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The Bude Formation (Lower Westphalian), SW England: siliciclastic shelf sedimentation in a large equatorial lake
Article first published online: 14 JUN 2006
Volume 38, Issue 3, pages 445–469, June 1991
How to Cite
HIGGS, R. (1991), The Bude Formation (Lower Westphalian), SW England: siliciclastic shelf sedimentation in a large equatorial lake. Sedimentology, 38: 445–469. doi: 10.1111/j.1365-3091.1991.tb00361.x
- Issue published online: 14 JUN 2006
- Article first published online: 14 JUN 2006
- Manuscript received 20 July 1989; revision received 10 December 1990
The 1300-m-thick turbiditic Bude Formation was deposited in a lake, Lake Bude, but disagreement persists over whether the environment was a deltaic or deep-water fan. The tectonic setting of the lake was the northern flank of a northerly advancing Variscan foreland basin, close to the Westphalian palaeo-equator. Palaeocurrents indicate sediment sourcing from all quadrants except the south.
There is a dm-m scale cyclicity, whereby sandstone bodies comprising amalgamated event beds alternate with mudstone intervals containing non-amalgamated event beds. The ‘ideal’ cycle is a symmetrical coarsening-up/fining-up cycle, consisting of three facies (1, 2 and 3) arranged in 12321 order. Facies 3, in the middle of the cycle, is an amalgamated sandstone body up to 10 m thick which interfingers laterally with thin (cm) mudstone layers. The sandstone body comprises amalgamated beds of very fine sandstone which are largely massive and up to 0.4 m thick. Channels are absent except for scours up to 0.2 m deep which truncate the interfingering mudstone layers. Sandstone bodies are inferred to be tongue-shaped in three dimensions. Facies 1 and 2, completing the 12321 cycle, are respectively dark-grey fine and light-grey coarse, varved(?) mudstone containing thin (< 0.4 m) sandstone event beds. Fossils and burrows indicate that facies 1 and 2 were deposited, respectively, in brackish (rarely marine) and fresh water. Hence, the ideal cycle (12321) reflects an upward decrease then increase in salinity (brackish-fresh-brackish); this is attributed to the lake sill being periodically overtopped by the sea, due to glacio-eustatic sea-level oscillations. The resulting oscillations in lake depth produced the coarsening-up/fining-up (regressive-transgressive) cyclicity, the central sandstone body representing the regressive maximum.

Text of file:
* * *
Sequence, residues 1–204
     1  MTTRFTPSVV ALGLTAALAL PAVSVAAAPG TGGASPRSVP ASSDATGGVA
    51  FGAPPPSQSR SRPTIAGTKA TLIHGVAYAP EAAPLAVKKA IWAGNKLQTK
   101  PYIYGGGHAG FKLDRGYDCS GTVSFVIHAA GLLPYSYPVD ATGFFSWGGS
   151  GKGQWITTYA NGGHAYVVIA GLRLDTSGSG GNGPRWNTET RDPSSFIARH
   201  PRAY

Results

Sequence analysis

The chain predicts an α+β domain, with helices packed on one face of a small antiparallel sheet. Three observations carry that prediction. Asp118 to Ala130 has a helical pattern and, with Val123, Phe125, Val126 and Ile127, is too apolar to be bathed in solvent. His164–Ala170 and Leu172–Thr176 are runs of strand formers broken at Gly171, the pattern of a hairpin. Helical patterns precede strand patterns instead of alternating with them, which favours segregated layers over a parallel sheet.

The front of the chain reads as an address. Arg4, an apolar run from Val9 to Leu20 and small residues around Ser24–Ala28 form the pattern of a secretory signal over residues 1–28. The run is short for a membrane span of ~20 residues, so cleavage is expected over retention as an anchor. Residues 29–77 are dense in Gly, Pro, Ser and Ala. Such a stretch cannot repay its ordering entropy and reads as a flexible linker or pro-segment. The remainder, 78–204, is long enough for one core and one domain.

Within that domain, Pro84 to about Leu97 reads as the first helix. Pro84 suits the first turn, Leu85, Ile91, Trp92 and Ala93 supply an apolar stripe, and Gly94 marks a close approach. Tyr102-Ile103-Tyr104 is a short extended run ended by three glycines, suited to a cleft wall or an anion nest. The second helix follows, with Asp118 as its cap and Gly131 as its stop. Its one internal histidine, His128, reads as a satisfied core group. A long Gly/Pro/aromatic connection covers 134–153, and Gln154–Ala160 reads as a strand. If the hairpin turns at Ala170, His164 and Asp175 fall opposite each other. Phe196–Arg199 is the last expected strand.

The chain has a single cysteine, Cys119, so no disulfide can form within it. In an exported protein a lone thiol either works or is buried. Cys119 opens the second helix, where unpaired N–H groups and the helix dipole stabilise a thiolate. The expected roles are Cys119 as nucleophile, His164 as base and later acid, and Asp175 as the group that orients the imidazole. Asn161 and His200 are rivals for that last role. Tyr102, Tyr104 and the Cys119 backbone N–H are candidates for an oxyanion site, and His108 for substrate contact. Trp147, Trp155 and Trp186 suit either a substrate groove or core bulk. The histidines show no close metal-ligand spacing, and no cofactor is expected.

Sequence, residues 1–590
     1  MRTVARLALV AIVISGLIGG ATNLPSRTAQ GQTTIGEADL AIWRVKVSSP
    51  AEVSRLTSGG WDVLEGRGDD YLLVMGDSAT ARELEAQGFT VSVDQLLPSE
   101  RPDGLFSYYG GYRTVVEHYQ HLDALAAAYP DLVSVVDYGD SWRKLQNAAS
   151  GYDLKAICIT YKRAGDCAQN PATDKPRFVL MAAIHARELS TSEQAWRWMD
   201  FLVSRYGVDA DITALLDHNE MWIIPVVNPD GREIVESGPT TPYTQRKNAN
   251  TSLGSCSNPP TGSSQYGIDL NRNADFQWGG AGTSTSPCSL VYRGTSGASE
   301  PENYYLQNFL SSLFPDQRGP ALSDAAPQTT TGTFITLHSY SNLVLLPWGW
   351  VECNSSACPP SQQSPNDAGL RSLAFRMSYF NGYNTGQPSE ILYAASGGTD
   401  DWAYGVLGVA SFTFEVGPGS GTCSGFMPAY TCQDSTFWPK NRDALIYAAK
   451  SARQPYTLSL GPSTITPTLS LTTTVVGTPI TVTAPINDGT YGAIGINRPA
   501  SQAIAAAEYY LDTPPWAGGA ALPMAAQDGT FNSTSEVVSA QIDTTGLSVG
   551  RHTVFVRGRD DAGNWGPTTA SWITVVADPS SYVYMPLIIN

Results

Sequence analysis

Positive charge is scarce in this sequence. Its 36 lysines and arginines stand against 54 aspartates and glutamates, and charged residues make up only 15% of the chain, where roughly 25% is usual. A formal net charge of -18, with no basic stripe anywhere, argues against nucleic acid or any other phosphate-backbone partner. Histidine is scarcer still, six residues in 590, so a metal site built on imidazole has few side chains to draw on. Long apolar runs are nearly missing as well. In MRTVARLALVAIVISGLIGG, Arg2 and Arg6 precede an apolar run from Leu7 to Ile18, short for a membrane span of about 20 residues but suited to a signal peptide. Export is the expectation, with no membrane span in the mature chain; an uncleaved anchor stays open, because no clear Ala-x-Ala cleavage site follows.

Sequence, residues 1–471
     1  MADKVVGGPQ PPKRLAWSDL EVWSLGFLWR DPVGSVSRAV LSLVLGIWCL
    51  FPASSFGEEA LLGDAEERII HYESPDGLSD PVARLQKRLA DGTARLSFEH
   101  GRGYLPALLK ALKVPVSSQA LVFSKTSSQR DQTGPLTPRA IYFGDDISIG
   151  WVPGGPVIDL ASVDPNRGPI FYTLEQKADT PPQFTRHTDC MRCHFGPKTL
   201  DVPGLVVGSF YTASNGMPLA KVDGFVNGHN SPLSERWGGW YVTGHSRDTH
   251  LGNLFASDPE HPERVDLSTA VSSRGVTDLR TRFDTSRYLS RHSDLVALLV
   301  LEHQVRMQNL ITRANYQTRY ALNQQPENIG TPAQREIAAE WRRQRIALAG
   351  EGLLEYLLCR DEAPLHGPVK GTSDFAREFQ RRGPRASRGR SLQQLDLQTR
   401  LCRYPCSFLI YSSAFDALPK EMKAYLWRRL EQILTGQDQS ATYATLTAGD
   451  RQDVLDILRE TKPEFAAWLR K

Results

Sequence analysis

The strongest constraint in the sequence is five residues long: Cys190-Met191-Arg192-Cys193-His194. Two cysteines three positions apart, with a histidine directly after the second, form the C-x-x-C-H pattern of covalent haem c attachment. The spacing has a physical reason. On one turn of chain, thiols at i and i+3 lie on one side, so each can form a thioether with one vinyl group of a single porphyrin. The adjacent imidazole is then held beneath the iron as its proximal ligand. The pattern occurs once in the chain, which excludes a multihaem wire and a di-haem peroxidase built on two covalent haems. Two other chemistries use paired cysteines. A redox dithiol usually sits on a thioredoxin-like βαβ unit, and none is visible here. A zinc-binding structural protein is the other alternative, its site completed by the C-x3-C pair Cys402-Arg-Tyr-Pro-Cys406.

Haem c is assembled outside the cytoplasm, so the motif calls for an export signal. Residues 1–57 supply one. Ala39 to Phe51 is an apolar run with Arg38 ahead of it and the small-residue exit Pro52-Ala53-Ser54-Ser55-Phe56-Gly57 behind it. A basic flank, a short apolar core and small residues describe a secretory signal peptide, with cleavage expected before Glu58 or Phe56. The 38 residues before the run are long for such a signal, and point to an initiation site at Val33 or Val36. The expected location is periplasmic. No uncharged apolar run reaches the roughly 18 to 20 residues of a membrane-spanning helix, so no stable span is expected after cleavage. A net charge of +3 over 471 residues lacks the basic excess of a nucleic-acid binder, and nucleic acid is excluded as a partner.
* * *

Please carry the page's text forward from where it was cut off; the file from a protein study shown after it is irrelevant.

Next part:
Event beds are interpreted as river-fed turbidites deposited during catastrophic storm-floods. Combined-flow ripples and other wave-influenced structures occur in event beds throughout the ideal cycle, suggesting deposition of the entire Bude Formation above storm wave base. The proposed environment is a shelf, of continental-shelf dimensions, but lacustrine instead of marine. Sandstone bodies are interpreted to be river-connected tongues or lobes. The absence of cycles containing nearshore or emergent facies is attributed to: (i) the lake sill preventing the water level from falling below sill level, thereby insulating the lake floor from eustatically forced emergence; and (ii) relatively distal deposition, beyond the reach of shoreline progradations. The lack of palaeoflow from the south is attributed to a (now eroded?) deep-water trough lying to the south, in front of the northerly advancing orogen.
Some facies 2 laminated mudstone beds grade laterally into massive and/or contorted beds, interpreted as in-situ seismites (Facies 4), consistent with an active foreland basin setting. Development of seismites was possibly facilitated by gas bubbles and/or weak cohesion in the (fresh water) bottom mud.
The late Quaternary Black Sea, with its broad northwestern shelf, is probably a good physiographical analogue of Lake Bude, and was likewise fresh at times.